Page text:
A TV show on drought, fires, dust storms, and the future got me thinking. We stopped watching it part of the way through, as it was too sensational and just seemed meant to scare people.
It painted a very bleak picture of the future of the planet worldwide, and no doubt much of what was covered is possible. I hadn’t heard about the potential for plagues of locusts from Africa to cross the Mediterranean and strip bare southern Europe around 2025, but that’s the sort of thing that was presented.
My husband and I talked about the future after we gave up on the show. We thought of our god-daughter, now 4, and the other kids we know in that age group. She’s the little girl in the logo for this site.What will they have to deal with as adults? It sure seems likely to be far more erratic than what we have had to deal with ourselves so far. We talked about how much our love of these children and all their cohorts fuels what we do now.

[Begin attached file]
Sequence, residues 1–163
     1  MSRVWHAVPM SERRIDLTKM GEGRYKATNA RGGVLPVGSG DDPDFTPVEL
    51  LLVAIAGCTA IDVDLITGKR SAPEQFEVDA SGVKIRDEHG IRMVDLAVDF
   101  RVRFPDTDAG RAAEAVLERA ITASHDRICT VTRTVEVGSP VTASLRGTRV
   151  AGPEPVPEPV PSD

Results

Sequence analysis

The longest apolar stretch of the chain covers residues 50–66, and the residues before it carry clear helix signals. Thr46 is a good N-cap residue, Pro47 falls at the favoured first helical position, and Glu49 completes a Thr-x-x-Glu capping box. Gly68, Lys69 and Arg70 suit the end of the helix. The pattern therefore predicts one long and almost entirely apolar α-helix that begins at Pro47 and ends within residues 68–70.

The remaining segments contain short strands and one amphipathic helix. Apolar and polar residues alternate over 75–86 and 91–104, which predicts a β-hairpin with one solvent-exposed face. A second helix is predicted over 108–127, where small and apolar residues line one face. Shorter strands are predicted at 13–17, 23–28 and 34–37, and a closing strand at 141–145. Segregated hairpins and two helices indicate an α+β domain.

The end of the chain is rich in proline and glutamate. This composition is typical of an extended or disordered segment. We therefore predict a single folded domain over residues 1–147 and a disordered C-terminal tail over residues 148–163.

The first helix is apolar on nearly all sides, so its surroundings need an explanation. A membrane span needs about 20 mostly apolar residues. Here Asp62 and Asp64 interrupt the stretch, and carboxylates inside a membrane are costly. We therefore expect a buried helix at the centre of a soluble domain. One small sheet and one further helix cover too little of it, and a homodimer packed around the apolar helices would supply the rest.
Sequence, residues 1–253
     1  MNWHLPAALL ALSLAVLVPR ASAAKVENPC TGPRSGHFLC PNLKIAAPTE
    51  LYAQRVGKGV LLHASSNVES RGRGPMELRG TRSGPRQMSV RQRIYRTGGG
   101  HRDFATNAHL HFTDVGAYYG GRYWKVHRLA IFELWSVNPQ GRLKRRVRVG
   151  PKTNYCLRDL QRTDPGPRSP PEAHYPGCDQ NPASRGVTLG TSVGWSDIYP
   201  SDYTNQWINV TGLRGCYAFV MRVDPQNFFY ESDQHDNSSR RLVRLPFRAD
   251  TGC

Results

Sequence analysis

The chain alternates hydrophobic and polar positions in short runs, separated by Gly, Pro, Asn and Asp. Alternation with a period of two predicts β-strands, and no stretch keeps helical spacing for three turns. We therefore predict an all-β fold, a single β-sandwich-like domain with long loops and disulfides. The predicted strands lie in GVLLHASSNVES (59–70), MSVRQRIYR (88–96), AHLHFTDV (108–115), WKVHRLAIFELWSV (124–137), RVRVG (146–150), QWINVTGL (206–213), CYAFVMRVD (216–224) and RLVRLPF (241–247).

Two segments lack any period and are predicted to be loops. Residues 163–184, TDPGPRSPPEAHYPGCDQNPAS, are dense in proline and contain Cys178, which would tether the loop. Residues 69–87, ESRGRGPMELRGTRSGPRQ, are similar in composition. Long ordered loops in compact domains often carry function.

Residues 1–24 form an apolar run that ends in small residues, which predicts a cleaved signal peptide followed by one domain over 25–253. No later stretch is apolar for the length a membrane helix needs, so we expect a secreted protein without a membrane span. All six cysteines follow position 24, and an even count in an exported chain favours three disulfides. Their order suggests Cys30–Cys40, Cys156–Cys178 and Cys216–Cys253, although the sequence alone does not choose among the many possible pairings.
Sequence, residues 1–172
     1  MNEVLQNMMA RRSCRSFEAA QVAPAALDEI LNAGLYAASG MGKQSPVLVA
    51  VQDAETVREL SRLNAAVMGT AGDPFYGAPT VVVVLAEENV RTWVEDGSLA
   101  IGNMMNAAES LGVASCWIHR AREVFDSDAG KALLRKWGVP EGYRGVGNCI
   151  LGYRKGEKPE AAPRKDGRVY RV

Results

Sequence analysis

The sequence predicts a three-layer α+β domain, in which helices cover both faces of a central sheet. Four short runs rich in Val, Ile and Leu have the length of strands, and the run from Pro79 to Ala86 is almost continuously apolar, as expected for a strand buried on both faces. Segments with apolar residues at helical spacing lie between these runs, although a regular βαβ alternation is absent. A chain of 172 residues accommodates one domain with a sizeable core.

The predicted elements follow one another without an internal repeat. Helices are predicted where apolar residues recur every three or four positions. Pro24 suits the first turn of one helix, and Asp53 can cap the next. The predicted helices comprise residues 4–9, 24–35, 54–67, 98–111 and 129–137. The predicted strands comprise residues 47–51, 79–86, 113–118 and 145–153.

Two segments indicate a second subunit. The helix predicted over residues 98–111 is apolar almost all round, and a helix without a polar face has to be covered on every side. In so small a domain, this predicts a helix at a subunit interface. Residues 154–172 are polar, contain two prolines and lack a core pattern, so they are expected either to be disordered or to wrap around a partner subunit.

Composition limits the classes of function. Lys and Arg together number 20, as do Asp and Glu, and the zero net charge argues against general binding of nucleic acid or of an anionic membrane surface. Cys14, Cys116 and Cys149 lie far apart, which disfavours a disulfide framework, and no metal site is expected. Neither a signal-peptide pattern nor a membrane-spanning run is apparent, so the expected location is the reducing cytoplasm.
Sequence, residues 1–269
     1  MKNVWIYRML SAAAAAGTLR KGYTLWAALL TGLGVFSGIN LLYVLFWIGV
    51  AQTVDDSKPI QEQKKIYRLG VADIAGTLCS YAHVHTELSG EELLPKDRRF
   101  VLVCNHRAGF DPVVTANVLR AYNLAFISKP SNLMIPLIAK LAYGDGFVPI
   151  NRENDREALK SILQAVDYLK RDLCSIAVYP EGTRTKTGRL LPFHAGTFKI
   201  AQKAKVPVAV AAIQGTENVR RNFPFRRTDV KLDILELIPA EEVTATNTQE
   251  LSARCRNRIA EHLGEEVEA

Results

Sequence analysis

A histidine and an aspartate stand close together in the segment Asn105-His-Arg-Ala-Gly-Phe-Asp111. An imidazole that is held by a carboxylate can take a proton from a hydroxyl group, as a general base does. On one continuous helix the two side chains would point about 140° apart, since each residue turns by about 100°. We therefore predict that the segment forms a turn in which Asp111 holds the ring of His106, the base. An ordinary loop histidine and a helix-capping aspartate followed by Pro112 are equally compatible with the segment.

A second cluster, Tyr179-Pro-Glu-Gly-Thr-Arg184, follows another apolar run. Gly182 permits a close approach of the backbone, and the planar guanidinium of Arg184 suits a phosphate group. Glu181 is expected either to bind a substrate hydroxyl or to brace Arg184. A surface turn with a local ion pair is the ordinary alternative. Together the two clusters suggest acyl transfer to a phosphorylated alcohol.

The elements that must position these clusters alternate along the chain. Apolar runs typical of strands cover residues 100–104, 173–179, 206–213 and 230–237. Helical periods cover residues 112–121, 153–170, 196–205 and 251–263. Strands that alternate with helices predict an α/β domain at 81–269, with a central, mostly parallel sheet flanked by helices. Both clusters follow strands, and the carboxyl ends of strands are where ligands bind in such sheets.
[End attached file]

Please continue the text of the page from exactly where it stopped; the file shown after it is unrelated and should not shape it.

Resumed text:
Kelly’s emphasis is on earthbag building and since the recent earthquake in Haiti, he has been very busy with many emails about how this method could be used. The earthbag building blog that he writes with a friend has an entry on the topic. I am sure that the versatility of earthbag construction, along with its low cost and minimal use of materials, will make it an important part of how people deal with disasters in the future as well.
My piece of the puzzle isn’t so much about natural building. I’m still trying to puzzle it out. This blog is part of it all. As we all learn to live more simply, we are learning about a kind of versatility that is valuable in itself.